Dave Tompkins, author of vocoder history How To Wreck A Nice Beach, has released a 7" of three vocoder tracks from the early 80s. The How To Wreck A Nice Beach record is produced in an edition of 500 and is made from various colours of recycled vinyl in a screen printed sleeve. Each one includes an eight page booklet "detailing the effects of 2001: A Space Odyssey on Jermaine Dupri when he danced at the Swatch Watch NYC Fresh Festival in 1984". Tracklisting and Tompkins's liner notes below:
“You’re a Peachtree Freak On Peachtree Street (Tom Noble Edit)”
Geno Jordan is from Atlanta. This classy, sophisticated grown-up space-funk situation makes the author fondly think of the Peachoid water tower off I-85 South in Gaffney, South Carolina, which admittedly is not Atlanta, but looks like a giant rear end, or a planet, and will get you there soon enough.
“Brainwash (Army of Shadows Edit)”
Nothing says vocoder like a brainwash by the shore. "Smurf across the surf," as they used to say. It goes for mad doubloons on eBay, so we’re happy to present this licensed bonus beat, with editorial assistance by DJ Monk-One. The chorus favours Mtume and is pretty uplifting for a song about brainwashing. According to Discogs, the IZ Army logo was designed by Philco. It's a war eagle wearing keyboard flip-flops beneath a flashing star (or The Very Idea!) that could easily be classified by William Corliss as "phenomena". Philco is either some guy named Phil, or the same Ford Motor Company subsidiary that manufactured vocoders for the Air Force. It would make a fine hood ornament.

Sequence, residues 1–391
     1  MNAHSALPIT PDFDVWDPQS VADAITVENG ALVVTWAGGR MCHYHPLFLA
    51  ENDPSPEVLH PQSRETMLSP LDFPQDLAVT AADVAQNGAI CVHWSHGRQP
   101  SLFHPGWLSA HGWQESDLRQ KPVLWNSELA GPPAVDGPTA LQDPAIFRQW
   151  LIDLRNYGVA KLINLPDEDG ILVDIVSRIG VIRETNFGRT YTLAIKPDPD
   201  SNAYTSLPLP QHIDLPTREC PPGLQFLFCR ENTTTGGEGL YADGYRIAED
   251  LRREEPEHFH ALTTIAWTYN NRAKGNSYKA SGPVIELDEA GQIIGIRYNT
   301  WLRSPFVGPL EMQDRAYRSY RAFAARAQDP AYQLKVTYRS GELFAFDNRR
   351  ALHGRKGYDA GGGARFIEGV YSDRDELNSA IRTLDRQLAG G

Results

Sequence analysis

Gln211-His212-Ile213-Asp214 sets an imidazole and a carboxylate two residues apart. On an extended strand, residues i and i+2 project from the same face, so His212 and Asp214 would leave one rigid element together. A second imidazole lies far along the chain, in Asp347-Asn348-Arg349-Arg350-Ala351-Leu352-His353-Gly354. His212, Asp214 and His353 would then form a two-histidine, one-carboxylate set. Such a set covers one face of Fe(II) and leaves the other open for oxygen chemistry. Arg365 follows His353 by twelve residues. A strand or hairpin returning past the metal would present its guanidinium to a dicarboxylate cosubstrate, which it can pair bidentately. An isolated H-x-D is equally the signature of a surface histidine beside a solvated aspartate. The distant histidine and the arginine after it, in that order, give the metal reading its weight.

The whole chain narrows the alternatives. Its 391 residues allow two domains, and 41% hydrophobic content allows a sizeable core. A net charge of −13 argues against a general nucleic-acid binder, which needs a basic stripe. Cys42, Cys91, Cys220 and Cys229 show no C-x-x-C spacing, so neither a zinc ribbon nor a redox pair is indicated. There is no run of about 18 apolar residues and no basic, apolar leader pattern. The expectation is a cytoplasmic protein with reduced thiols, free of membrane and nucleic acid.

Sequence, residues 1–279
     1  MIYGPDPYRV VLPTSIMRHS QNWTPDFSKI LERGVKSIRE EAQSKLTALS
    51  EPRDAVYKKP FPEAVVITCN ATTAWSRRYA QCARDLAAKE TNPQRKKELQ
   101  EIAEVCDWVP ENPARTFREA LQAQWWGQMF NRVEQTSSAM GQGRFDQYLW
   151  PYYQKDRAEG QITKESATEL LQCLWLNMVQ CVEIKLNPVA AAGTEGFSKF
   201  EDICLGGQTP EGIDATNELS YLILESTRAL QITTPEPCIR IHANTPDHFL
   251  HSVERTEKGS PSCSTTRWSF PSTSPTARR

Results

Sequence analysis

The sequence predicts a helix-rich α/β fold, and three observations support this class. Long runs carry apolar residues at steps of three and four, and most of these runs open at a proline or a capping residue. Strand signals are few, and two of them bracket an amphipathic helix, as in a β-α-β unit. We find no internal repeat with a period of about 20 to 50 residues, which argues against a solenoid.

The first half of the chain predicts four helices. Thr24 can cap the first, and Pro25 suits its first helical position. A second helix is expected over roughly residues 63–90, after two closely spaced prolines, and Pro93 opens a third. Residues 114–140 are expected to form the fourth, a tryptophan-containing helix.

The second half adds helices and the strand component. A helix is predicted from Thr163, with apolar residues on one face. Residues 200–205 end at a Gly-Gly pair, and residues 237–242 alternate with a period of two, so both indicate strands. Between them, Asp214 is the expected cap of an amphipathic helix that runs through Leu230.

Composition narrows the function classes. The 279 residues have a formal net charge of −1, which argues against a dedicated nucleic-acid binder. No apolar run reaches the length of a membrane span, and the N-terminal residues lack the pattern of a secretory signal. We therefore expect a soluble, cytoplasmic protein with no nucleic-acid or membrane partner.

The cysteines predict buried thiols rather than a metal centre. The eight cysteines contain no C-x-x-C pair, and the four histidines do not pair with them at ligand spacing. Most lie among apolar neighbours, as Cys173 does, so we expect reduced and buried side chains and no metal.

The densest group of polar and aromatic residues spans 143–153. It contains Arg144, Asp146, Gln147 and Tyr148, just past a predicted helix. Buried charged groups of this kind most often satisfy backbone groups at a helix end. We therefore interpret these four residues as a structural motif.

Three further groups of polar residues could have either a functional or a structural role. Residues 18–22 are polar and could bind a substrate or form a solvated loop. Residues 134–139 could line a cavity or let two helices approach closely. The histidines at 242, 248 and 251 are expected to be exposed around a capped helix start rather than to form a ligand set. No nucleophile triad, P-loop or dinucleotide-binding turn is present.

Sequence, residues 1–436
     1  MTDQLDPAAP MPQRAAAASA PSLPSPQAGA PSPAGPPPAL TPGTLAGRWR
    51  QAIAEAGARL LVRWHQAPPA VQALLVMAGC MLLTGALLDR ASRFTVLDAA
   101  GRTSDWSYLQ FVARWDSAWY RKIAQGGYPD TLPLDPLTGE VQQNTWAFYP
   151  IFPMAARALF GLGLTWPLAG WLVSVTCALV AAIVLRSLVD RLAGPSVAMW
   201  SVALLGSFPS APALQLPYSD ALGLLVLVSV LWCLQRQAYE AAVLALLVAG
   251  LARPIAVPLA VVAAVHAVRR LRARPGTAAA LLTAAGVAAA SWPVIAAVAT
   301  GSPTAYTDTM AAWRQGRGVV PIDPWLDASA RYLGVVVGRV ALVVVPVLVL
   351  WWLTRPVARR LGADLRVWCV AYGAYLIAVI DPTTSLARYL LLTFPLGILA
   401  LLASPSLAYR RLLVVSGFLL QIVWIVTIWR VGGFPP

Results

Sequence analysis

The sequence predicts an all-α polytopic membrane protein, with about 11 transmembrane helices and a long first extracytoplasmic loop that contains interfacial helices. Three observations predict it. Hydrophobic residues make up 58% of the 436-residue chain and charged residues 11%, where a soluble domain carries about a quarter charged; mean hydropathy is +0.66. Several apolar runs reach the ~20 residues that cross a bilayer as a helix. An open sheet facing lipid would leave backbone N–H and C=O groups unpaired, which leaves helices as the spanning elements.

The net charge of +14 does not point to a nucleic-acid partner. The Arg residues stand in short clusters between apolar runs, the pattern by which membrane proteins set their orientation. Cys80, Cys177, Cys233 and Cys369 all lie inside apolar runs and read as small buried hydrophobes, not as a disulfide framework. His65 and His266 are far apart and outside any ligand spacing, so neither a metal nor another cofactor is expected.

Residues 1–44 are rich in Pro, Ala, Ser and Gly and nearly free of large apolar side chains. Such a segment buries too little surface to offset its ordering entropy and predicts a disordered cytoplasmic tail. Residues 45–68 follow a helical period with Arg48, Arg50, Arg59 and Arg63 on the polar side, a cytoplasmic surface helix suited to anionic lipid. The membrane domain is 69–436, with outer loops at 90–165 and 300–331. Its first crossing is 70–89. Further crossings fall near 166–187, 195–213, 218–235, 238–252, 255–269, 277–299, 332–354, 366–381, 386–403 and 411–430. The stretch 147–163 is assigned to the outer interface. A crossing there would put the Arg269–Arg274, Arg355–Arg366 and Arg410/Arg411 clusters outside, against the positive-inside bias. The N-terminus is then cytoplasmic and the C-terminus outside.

"Biter’s Dub (All You Have Is Yore Teeth Edit)"
As mentioned in the book, this record is about vampire vacuum cleaners, Donald Sutherland pods, clone drones, and microphone carried in shaving kits. And Fangoria. It literally almost tore the author’s mom’s turntable apart when it refused to surrender the spindle. It just wanted to remain there and keep playing. Like, forever. This is the black hit of space. Fantasy Three were from Harlem, and among many things, should be sainted for mentoring LL and Kool G Rap. Pumpkin’s dub version still remains one of the most futuristic electro tracks ever made.